When I was little, there seemed to be magic and mystery surrounding and clouding creative industries: How do ideas really get from brains to the consumer? How can you justify a massive company with thousands of employees to develop very small groups of people? Where does all the money go?
Where does my lap go when I stand up?
It turns out there's a very good reason why there's a bit of an enigmatic cloak around the process. I'm no so concerned with the reasoning behind hiding the mechanisms of manufacture, that'd be a very dry and rant-y blog. No, today, I'm going to talk about how Van Howling made our Hole in the Wall EP. It was a messy, slow, horrible process involving absolutely no sex, vast quantities of alcohol and tobacco and what can only be described as a loose affiliation with rock n' roll.
- Leech off someone else's creativity
Every band supposedly has "a different way of working." The size of the band, the inter-personal relationships, the nature of music and how much they like each other are all factors. No. That's complete horse crap. What you should say is that that every band "has a different way of ripping off one man's talent." For every song, there's is one major contributor. The primary influence need not be the singer, although they are nine out of ten times. He'll turn up to a rehearsal with a chord progression, a riff or a melody and the rest of the band add their pieces to the initial concept until it resembles something similar to a song. The best pop songs are born melody-first, the best rock songs are born riff-first and the best jazz songs don't exist because no really likes jazz
. Hole in the Wall and Schemers were based off Gabe's melodies. Plastic Faces was based off two of my bass riffs but Mark gets the credit because he wrote the melodies (life's a bitch).
- Slowly learn to hate your own music through repetition
Next comes recording your hideous beast. This involves finding someone, somewhere with a lot of expensive and esoteric equipment and sitting in one (or two if you're very lucky) rooms with no air conditioning, learning to appreciate the different vintages of your collective feet cheese. You record a standard rock/blues/pop song in this order: drum + bass, rhythm guitar, vocals, solo (and then backing vocals and synth if you're in that kind of shitpop band). If you haven't rehearsed well, it'll take many, many, many
takes to get the individual tracks (also called stems
) laid out in a satisfactory manner. This will ensure that you'll never want to play those songs ever and especially not at the EP launch party. If you have rehearsed enough before recording then, congratulations, you despise your own music already. Fortunately, our guitarist Jon is not only incredible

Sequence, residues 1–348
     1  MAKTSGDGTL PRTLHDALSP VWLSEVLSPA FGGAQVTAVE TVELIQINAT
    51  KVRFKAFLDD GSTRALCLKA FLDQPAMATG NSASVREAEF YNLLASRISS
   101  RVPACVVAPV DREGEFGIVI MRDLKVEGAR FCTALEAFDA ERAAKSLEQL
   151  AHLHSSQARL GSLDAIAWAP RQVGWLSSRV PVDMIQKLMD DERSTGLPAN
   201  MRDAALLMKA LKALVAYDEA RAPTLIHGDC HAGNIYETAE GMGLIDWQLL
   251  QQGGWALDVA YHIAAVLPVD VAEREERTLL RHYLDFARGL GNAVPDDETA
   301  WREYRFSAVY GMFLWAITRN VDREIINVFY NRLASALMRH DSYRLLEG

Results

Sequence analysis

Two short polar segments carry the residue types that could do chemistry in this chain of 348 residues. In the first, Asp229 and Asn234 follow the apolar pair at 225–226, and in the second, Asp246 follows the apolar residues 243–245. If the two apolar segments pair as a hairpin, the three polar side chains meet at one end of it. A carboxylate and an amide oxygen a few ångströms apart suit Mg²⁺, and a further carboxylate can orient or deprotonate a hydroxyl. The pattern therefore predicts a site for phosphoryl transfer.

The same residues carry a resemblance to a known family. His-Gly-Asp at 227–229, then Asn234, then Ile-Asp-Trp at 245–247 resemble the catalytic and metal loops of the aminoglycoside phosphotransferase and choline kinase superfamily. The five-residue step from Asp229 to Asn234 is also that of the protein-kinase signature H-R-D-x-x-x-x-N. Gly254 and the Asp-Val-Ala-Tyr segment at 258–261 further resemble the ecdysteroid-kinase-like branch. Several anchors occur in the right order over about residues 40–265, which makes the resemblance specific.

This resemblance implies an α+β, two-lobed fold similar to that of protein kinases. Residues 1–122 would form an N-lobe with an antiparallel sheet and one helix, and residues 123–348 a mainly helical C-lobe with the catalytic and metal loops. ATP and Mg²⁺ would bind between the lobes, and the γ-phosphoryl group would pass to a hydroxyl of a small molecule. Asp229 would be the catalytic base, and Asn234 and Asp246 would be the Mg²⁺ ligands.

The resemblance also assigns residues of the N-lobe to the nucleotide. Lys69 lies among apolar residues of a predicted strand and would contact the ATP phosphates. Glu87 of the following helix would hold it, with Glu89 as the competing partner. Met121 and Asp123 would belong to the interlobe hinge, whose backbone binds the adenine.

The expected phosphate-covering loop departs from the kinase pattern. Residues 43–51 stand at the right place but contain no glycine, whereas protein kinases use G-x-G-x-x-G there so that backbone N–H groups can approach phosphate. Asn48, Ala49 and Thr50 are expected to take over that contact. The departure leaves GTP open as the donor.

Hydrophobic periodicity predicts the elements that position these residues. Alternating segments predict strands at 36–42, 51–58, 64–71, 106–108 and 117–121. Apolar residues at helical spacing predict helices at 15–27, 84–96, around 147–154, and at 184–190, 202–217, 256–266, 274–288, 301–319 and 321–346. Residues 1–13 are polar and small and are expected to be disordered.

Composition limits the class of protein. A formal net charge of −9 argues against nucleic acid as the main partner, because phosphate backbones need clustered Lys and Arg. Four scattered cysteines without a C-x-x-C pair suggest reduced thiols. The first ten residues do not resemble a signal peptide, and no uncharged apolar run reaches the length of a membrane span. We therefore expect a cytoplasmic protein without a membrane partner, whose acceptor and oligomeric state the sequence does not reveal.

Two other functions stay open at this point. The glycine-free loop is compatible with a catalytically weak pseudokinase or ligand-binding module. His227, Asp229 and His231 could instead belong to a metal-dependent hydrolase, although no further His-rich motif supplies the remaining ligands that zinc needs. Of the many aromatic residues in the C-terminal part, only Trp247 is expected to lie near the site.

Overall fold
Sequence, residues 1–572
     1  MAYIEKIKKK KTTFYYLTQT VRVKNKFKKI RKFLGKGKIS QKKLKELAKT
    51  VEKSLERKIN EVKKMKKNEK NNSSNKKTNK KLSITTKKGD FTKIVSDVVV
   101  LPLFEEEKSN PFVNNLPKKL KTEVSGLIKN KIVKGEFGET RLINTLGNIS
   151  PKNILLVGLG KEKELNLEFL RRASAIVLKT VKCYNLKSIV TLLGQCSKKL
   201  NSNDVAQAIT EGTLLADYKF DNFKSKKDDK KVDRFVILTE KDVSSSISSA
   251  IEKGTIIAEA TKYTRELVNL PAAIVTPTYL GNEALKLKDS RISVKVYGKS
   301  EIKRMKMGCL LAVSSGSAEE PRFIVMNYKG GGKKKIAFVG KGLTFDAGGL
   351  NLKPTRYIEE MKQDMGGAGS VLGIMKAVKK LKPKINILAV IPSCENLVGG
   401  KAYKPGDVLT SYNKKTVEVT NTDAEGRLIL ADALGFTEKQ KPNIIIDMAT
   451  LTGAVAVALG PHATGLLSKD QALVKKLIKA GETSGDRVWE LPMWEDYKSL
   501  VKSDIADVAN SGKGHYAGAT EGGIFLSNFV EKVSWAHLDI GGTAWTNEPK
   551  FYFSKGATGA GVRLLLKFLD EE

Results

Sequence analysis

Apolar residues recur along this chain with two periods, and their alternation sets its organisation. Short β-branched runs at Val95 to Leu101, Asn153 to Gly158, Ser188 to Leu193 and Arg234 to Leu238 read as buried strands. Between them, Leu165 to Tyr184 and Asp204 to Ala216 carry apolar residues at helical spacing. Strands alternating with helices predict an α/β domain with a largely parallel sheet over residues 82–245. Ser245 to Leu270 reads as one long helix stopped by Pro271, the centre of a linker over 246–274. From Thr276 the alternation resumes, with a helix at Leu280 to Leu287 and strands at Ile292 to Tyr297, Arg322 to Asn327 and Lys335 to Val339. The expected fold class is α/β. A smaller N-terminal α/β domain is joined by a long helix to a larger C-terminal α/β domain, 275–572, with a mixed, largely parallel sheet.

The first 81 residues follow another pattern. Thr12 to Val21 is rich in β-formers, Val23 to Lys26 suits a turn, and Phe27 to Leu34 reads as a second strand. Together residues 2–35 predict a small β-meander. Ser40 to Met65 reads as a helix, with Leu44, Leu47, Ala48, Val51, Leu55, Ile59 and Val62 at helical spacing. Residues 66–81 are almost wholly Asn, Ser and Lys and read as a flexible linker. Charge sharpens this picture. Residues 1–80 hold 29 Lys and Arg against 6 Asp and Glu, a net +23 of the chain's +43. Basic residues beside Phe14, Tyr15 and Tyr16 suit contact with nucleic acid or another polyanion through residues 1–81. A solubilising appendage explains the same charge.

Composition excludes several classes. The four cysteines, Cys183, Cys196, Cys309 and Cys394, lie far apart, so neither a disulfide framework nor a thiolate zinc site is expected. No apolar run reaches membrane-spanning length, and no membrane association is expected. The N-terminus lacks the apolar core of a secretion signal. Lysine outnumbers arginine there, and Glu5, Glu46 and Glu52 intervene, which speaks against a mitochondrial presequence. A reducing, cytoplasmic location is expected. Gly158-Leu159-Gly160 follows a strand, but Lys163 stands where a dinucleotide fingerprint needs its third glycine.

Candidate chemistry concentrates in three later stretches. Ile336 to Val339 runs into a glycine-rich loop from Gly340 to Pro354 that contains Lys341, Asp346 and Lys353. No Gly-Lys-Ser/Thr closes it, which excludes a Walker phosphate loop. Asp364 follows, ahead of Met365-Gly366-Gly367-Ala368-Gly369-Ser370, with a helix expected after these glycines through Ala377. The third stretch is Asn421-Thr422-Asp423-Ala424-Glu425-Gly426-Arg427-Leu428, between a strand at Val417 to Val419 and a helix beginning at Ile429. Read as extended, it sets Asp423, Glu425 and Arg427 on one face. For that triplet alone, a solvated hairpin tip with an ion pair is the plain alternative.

on guitar, he owns a lot of the right gear and is a killer sound engineer. For the unlucky ones, you'll have to pay someone upwards of £200 for the privilege.
- Pretend you know what you're doing
After you've recorded all of your music and have become familiar with the shit bits on each of the stems, it's time to put it all together. This involves levelling, equalisation and adding effects. You could pay someone more money to do this for you but if you're a normal band without access to recording equipment, you'll be eating bread sandwiches by this point anyway so a mixing engineer is out of the question. This is really a one person job unless you actively seek to loathe each other's company for all eternity. They'll take your hard work and proceed to liberally shit all over it by making it way too quiet, EQing it completely wrong and adding loads of crazy effects to it "because they were experimenting." After some harsh words, a few rounds oxing and a trip to hospital to get a whammy bar removed from a colon, you'll have the holiest of holies - a master track. Someone will accidentally lose this through stupidity or delete this in a fit of malice so you'll probably have to repeat this entire step again. In Van Howlng, Mark did the mixing despite never having done it before and he didn't do a shit job (he plays more than drums so he didn't instinctively shaft everyone else).
- Album art
Fucking hell, we're not going here.
- Emotionally blackmail your friends
You've done it. You've got this Frankenstein's monster with a cover drawn with crayon and the liner notes are unintelligible waffle which loosely cover internal band tensions ("Cover Art by Julian based on an idea by Mark" - you complete cunt, Mark). Who the hell is going to listen to it? If you haven't got any friends, now would be a good time to get some because otherwise your launch night is going to be a very peculiar and intimate show for the soundman at whatever venue has sunk low enough to allow you on stage. You're going to have to create a Facebook group early and invite everyone you know and keep reminding them every goddamn day until they're sufficiently guilt-tripped into coming along, paying the entry fee and buying disgustingly expensive drinks. Then they'll wish you luck, you'll play a really shit set because you're all bored and tired and sick of music and then they'll tell you that you're wonderful. And you'll feel fulfilled for 30 seconds and then deeply, deeply hollow.
You can use that for inspiration for the next EP.